David H. Solkin, Painting for Money: The Visual Arts and the Public Sphere in Eighteenth-Century England (London: Yale University Press, 1993).


Our Lady of the Compass Rose
Michael Werner

Vicente de Memije, "Aspecto symbólico del Mundo Hispanico" (Manila, 1761), reproduced in Cartografia del Ultramar, sheet 63-63.
Newberry Library Ayer Collection.

This “symbolic aspect of the Spanish world” was submitted to the Jesuit University in Manila and dedicated to Carlos III of Spain. Printed during a period of heightened rivalry among European powers, at first glance the map seems to be a straightforward assertion of Spanish preeminence. On closer examination, however, it is more remarkable for the ways in which it combines scientific mapmaking, Spanish nationalism, and Catholic piety. The queen, who resembles the Virgin Mary, gazes toward a Star of Bethlehem in the upper left, and the Sacred Heart of Catholic iconography has become a compass rose. Above her crown, Rome is represented as the Holy Spirit—a clear assertion of Church supremacy during a period of escalating conflict between the Jesuit Order and the Spanish Crown.

D. A. Brading, The First America: The Spanish Monarchy, Creole Patriots, and the Liberal State, 1492-1867 (Cambridge: Cambridge University Press, 1991).

Tom Conley, The Self-Made Map: Cartographic Writing in Early Modern France (Minneapolis: University of Minnesota Press, 1996).


A Cold War Map
Darren A. Diviak

R.M. Chapin, “Communist Contagion”

Early in the Cold War, State Department officials likened communism to an infectious disease. With this map, R.M. Chapin supplies readers of Time magazine with a visual representation of the contagion metaphor. The map portrays Soviet Russia as a virulent red expanse that infects neighboring states with communist dogma. Chapin divides Russia’s neighbors into three categories depending upon the severity of their infection. “Quarantined” states have completely fallen to communism and are therefore inaccessible to democracy and capitalism. “Infected” states contain substantial communist minorities that allow Moscow to influence public policy. “Exposed” states have extensive social problems, which provide openings for future infection.

Perhaps the most interesting aspect of the map is its unusual split-spherical presentation of Europe and Asia. With the resulting break in the center of the map, Soviet influence seems disturbingly large. Such images undoubtedly bolstered public support for the “containment” of this apparently aggressive disease.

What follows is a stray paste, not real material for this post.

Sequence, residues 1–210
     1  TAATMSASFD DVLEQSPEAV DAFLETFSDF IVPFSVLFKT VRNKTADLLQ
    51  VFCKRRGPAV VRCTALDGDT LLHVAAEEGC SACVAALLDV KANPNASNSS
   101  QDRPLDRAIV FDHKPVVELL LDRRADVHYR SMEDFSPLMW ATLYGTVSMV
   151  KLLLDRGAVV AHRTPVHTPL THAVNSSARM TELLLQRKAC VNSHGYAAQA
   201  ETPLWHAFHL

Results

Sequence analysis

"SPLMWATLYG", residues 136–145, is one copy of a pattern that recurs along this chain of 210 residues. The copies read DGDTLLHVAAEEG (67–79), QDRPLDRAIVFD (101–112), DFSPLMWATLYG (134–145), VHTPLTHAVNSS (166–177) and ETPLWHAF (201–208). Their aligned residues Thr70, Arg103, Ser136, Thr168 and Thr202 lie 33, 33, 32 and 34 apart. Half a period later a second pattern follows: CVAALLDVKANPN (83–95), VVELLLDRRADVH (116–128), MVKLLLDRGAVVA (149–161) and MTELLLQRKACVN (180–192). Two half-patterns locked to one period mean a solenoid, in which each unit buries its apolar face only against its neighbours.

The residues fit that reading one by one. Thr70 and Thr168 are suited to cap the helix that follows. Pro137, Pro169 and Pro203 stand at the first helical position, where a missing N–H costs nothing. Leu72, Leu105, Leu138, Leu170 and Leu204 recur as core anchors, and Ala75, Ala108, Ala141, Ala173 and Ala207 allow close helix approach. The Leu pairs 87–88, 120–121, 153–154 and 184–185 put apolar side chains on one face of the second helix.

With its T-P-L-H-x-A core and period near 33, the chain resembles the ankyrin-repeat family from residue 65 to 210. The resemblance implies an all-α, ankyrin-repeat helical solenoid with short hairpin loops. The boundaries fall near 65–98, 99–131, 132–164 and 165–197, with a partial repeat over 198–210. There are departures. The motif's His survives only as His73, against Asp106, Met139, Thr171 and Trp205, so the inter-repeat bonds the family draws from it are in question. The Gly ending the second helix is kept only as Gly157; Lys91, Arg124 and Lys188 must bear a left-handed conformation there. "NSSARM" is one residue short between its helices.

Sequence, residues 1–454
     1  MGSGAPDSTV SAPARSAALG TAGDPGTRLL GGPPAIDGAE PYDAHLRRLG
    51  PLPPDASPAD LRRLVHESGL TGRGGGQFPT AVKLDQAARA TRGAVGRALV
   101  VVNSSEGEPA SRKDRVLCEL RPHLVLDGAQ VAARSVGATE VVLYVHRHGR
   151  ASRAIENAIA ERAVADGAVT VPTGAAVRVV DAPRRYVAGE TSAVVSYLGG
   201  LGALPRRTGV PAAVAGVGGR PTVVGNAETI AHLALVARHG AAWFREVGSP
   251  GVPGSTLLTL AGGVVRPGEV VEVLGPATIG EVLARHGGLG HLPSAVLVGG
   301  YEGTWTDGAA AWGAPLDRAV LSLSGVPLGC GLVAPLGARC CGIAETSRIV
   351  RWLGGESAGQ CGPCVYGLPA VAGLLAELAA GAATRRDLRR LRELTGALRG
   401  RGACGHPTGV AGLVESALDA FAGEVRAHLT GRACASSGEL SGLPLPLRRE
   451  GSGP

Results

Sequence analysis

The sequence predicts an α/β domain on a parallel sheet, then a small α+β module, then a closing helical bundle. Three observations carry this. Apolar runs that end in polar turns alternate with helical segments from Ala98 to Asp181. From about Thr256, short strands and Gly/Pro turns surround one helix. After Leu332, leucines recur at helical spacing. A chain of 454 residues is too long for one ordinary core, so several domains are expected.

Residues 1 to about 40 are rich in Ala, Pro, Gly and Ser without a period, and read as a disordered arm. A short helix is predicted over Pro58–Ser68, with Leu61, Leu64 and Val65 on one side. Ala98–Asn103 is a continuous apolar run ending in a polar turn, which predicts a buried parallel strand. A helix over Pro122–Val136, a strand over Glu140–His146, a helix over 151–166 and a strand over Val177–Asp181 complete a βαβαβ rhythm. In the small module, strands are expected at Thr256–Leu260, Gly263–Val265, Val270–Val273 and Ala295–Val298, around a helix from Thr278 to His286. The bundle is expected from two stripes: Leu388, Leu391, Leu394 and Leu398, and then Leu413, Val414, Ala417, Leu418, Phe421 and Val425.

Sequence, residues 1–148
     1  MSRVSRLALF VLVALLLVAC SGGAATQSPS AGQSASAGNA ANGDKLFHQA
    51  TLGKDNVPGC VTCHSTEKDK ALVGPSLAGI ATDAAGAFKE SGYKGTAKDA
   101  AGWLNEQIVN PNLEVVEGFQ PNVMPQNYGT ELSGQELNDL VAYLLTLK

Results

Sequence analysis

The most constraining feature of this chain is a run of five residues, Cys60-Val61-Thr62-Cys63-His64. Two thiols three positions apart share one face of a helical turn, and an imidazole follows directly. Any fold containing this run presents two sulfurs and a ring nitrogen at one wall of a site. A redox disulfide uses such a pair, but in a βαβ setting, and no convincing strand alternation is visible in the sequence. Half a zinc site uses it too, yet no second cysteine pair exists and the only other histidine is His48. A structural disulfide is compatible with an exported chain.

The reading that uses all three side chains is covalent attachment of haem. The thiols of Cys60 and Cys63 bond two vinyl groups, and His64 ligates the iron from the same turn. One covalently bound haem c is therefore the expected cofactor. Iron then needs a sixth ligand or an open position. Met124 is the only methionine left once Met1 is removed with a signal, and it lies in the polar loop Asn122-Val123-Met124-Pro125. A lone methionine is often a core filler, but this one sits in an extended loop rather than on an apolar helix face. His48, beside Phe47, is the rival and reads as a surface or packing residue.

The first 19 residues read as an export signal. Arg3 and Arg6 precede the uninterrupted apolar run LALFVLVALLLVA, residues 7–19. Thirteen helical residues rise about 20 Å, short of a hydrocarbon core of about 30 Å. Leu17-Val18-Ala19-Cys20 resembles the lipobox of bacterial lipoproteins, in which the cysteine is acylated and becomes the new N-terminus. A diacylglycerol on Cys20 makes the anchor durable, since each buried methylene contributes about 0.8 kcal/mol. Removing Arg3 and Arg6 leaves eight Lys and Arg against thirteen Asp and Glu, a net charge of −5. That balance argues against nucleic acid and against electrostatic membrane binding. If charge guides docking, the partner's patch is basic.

Walter LaFeber, The American Age: U.S. Foreign Policy at Home and Abroad 1750-Present (New York, 1994).

*We are unable to this image in print on the Web. You may find it in your public library in the 1 April 1946 issue of Time magazine.


Playing Games with Maps
Benjamin Stone

Wallis's Tour Through England and Wales: A Geographical Past-Time (London: J. Wallis, 1794).
Newberry Library map 4F G5751 .A9 1794 .W3

John Wallis’s 1794 Tour through England and Wales: A Geographical Pastime was one of the earliest English games designed to teach children geography. While the French had created similar games in the seventeenth century, late eighteenth-century England witnessed an explosion in the popularity of such map-games. Wallis’s firm, which existed from the early 1780s until 1847, was a leader in the production of such educational games.

Using game pieces, children followed a route around England, while reading descriptions of towns which emphasized the growth of manufacturing and transportation networks, as well as historical figures and events. Wallis’s game familiarized English children with their nation’s geography as well as stressing its early industrial growth.

J.H. Plumb, “The New World of Children,” in Neil McKendrick, John Brewer, and J.H. Plumb, eds., The Birth of a Consumer Society: The Commercialization of Eighteenth-Century England (London: Europa Publications, 1982), pp. 286-315

Linda Hannas, The English Jigsaw Puzzle, 1760-1890 (London: Wayland, 1972).


Mapping Identity and History
Christopher Tassava

The First Permanent Settlements on the Delaware (New York: Suomi-art Studios, 1938).
Newberry Library Map Collection

This map, by telling part of the little-known history of Finnish colonists in the New World, attempts to create a place for Finns in American history. The prominent cluster of pennants at the map’s center establishes a sense of Finnish presence in America by marking Finnish farmsteads and naming their owners. All around the pennants, other pictorial elements (some bilingual) attempt to connect the Finnish colonists with United States history. For instance, the map claims that William Penn made his famous friendship pledge with the Native Americans of Pennsylvania at a Finnish farm. Published at a time when Finnish-Americans struggled to define themselves as Americans, the map provides powerful assistance, asserting the Finn’s long-standing ties to the land and peoples that, a century after the activities and events shown on the map, became important parts of the United States.

Terry G. Jordan and Matti Kaups, The American Backwoods Frontier: An Ethnic and Ecological Interpretation (Baltimore: Johns Hopkins Uni-versity Press, 1989).